It was the Wild West.
A place where everything was acceptable.
Everything was allowed and there was no control to call to order those who went too far. There was no red line.
The CEO treated funds from one of his companies as his personal bank. The employees dipped into the company’s money to buy houses in the Bahamas and none of these transactions were recorded anywhere.
There may even have been fictitious employees. The board of directors, supposed to contain everyone’s instincts, never met.
Welcome to the cryptocurrency empire of Sam Bankman-Fried, 30, the deposed king of the cryptosphere, who filed for Chapter 11 bankruptcy on November 11. This empire mainly includes cryptocurrency exchange FTX and Alameda Trading, a crypto hedge fund.
“Potentially compromised people”
John Ray, the new CEO tasked with restructuring this empire, gave this scathing description in a 30-page document filed with the US Bankruptcy Court for the District of Delaware. The document was made public on November 17.
Page after page, Ray describes a company whose practices seem surreal. What dominates here are the lawless cowboys.
“Never in my career have I seen such a complete failure of corporate controls and such a complete absence of reliable financial reporting as has happened here,” Ray wrote. “From the compromised integrity of systems and faulty regulatory oversight overseas, to the concentration of control in the hands of a very small group of inexperienced, unsophisticated and potentially compromised individuals, this situation is unprecedented. “
Ray is not a rookie. He was the liquidator of Enron, the brokerage whose collapse remains one of the greatest financial fiascos of modern times.
Each page is a bomb, an indictment against the Bankman-Fried regime. For Ray, the former trader and his two associates — Zixiao “Gary” Wang and Nishad Singh — failed on many levels.
“Many companies in the FTX Group, especially those organized in Antigua and the Bahamas, did not have proper corporate governance. I understand that many entities, for example, never had a board meeting. administration”, lambasted the new CEO.
He added that there was “the use of software to conceal the misuse of client funds”.
Ray did not provide further details. But his statement clearly undermines Backman-Fried’s denial that there was a backdoor, allowing him to alter the records without third parties, including auditors and investors, noticing.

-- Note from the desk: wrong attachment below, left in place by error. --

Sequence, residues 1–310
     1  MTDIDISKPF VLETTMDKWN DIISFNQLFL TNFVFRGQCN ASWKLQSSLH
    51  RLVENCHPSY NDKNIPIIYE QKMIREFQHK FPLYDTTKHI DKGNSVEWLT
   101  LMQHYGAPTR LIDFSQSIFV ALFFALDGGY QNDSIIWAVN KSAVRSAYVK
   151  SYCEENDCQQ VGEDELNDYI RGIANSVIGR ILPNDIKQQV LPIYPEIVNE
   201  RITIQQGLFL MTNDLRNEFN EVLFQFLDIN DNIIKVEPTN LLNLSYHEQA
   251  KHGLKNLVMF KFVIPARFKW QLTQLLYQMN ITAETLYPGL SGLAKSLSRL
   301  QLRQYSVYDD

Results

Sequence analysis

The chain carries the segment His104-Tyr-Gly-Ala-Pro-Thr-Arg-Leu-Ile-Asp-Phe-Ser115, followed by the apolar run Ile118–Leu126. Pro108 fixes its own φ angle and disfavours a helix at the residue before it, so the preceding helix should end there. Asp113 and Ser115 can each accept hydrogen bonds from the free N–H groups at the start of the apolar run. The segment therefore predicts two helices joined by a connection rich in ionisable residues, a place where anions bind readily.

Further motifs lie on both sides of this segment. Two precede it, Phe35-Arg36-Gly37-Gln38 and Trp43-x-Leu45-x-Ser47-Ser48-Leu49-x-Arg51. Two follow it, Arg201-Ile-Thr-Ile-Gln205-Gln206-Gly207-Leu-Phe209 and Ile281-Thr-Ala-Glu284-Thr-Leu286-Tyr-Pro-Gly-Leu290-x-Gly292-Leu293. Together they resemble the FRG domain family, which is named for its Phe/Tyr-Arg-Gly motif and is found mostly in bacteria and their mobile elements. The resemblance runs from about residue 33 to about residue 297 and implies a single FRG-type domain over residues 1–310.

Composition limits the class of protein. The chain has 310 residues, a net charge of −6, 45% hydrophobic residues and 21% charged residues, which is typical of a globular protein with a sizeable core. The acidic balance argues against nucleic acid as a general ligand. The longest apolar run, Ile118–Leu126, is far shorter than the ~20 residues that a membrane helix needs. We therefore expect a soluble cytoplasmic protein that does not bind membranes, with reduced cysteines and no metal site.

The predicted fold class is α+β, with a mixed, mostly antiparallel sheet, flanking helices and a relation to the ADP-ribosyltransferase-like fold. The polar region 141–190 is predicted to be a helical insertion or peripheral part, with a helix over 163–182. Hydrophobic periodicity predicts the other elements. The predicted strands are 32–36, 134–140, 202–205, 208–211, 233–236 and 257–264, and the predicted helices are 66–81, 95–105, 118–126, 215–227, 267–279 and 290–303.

Reuters reported last week that financial data from FTX showed there was a “backdoor” on the books, created with “bespoke software”. It was described as a way for Bankman-Fried to cook the books without raising an alert.
$1 billion in personal loans
“Unacceptable management practices included using an insecure group email account as the root user to access confidential private keys and highly sensitive data for FTX Group companies around the world” , wrote the seasoned restructuring veteran.
FTX’s insolvency was due to a lack of liquidity when clients attempted to withdraw funds from the platform. The lack of liquidity appears to have been the result of the transfer of $10 billion in client funds from FTX to Alameda Research by the founder of FTX.
FTX faces a shortfall of $1-2 billion.
As a crypto exchange, FTX executed orders for its clients, taking their money and buying cryptocurrencies on their behalf. FTX acted as the custodian, holding the clients’ cryptocurrencies.
FTX then used the crypto assets of its clients, through the trading arm of its sister company Alameda Research, to generate liquidity through borrowing or market making. Money borrowed by FTX was used to bail out other crypto institutions in the summer of 2022.
At the same time, FTX used the cryptocurrency it issued, FTT, as collateral on its balance sheet. This represented a significant exposure, due to the concentration risk and volatility of FTT.
According to John Ray, Bankman-Fried received a $1 billion personal loan from Alameda. The company also provided a personal loan of $543 million to Singh and $55 million to Ryan Salame, co-CEO of FTX Digital Markets, one of FTX’s subsidiaries.
“In the Bahamas, I understand that FTX Group Company funds have been used to purchase homes and other personal items for employees and advisors,” the seasoned executive said.
“I understand that there does not appear to be documentation for some of these transactions as loans, and that some real estate has been registered in the personal names of these employees and advisors in the Bahamian records.”
He further said that to get reimbursed for business expenses, employees only need to submit the request via chat and a supervisor will immediately approve with a personalized emoji.
“Receivables lacked the type of disbursement control that I believe is appropriate for a commercial enterprise,” the new CEO wrote. “For example, FTX Group employees submitted payment requests via an online ‘chat’ platform where a disparate group of supervisors approved disbursements by responding with personalized emojis.”
Finally, Ray said he still hasn’t been able to locate some of the alleged employees, suggesting that some either fled or didn’t exist.
“At this time, the debtors have not been able to prepare a complete list of people who worked for the FTX group,” he said. “Repeated attempts to locate certain alleged employees to confirm their status have been unsuccessful to date.”
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